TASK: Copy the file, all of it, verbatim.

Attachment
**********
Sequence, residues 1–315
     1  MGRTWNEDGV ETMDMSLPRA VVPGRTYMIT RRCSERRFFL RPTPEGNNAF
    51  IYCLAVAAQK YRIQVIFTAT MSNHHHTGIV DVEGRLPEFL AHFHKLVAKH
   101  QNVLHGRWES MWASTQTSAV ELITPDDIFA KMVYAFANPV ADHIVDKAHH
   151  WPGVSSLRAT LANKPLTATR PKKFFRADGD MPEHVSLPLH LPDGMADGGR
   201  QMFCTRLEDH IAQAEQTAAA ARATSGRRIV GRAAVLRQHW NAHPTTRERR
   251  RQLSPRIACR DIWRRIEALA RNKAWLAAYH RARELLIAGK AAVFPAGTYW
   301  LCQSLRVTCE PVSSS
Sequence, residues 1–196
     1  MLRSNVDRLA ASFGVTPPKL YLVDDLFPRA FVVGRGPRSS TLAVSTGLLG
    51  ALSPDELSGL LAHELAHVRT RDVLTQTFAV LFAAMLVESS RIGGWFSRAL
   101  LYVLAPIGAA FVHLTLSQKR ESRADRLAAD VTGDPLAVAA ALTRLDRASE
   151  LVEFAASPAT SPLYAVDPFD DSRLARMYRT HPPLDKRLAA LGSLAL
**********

Sequence, residues 1–315
     1  MGRTWNEDGV ETMDMSLPRA VVPGRTYMIT RRCSERRFFL RPTPEGNNAF
    51  IYCLAVAAQK YRIQVIFTAT MSNHHHTGIV DVEGRLPEFL AHFHKLVAKH
   101  QNVLHGRWES MWASTQTSAV ELITPDDIFA KMVYAFANPV ADHIVDKAHH
   151  WPGVSSLRAT LANKPLTATR PKKFFRADGD MPEHVSLPLH LPDGMADGGR
   201  QMFCTRLEDH IAQAEQTAAA ARATSGRRIV GRAAVLRQHW NAHPTTRERR
   251  RQLSPRIACR DIWRRIEALA RNKAWLAAYH RARELLIAGK AAVFPAGTYW
   301  LCQSLRVTCE PVSSS
Sequence, residues 1–196
     1  MLRSNVDRLA ASFGVTPPKL YLVDDLFPRA FVVGRGPRSS TLAVSTGLLG
    51  ALSPDELSGL LAHELAHVRT RDVLTQTFAV LFAAMLVESS RIGGWFSRAL
   101  LYVLAPIGAA FVHLTLSQKR ESRADRLAAD VTGDPLAVAA ALTRLDRASE
   151  LVEFAASPAT SPLYAVDPFD DSRLARMYRT HPPLDKRLAA LGSLAL